• To increase its popularity while considering its global educational, cultural and humanitarian impact by implementing youth and development programs.

With a median age of 19.7 years, the African continent is the youngest globally. Developing your vision and strategy should reflect long-term thinking that shows you have considered what the future looks like, and, indeed, could look like. In an address to the Forbes Africa 30 under 30 Conference in Botswana, CAF President Patrice Motsepe said his primary concern is the 300 million African youth between 15 and 25. CAF must be able to connect with them as they are the future, and football is an important platform for affording them opportunities to develop and grow.


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FIFA – The Watchful Custodian of Football


The vision of FIFA as the global governing body is to truly globalise, popularise and democratise football for the entire world. It is common knowledge that we are at the bottom end of development in Africa. As a board member, you are responsible for establishing a policy-based governance system that allows this vision to be implemented. FIFA, for example, has provided the framework for football development through the FIFA Talent Development – Give Every Talent a Chance Report.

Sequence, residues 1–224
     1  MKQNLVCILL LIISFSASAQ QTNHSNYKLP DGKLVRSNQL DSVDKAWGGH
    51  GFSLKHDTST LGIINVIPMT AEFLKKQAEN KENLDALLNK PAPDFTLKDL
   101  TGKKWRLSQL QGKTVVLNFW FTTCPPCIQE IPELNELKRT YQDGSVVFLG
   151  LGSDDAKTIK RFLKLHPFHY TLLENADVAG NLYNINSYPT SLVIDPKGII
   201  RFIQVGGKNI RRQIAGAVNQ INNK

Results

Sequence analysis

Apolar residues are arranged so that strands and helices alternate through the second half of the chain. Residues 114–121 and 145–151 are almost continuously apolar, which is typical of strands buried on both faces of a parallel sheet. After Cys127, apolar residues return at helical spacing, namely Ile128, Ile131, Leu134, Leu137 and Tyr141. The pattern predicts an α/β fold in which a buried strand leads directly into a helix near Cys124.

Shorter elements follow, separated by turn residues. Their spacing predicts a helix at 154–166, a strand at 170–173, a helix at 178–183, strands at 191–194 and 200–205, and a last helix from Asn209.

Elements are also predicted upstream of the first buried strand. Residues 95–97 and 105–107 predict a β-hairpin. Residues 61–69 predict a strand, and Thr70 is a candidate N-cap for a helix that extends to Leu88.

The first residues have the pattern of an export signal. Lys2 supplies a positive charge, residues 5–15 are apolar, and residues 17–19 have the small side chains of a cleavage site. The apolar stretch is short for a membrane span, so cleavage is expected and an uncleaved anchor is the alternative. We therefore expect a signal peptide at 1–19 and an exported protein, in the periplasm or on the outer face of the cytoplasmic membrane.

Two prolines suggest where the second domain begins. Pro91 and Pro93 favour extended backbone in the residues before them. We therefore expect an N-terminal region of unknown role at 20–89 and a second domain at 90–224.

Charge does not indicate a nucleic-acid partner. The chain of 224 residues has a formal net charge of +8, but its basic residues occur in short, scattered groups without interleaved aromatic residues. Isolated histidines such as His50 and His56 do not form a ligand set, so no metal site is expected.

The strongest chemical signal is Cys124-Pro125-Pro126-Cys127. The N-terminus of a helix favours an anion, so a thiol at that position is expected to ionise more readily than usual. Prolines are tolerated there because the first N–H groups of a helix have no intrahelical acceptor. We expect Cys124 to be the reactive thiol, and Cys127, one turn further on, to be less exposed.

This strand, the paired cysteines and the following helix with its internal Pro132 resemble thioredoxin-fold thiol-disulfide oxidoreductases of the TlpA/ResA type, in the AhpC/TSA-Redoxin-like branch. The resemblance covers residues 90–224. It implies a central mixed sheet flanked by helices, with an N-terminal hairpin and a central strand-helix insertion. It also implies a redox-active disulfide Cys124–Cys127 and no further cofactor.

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It is now the job of governing bodies and their standing committees to develop policies that will define the rules and procedures to implement the recommendations on how the programme will work on the continent, in regions and at the member-association level. The board and management will use these policies. The policies must be broad and not rigidly defined, to allow for flexibility, taking Africa’s diversity and complexities into account. This should not, however, be at the expense of quality and excellence. While far easier said than done, your mandate reminds you of the challenges and responsibilities which you assumed. Not just towards your associations, but to Africa, to football. So then how should such a policy/framework look? It all starts with looking inside, both within yourself, and your community. After all, it takes a village to raise a child.


Part 2 is now available to be read here.

- Authored by Francis Makonese, with editorial work by Shane Wafer And Nick Flowers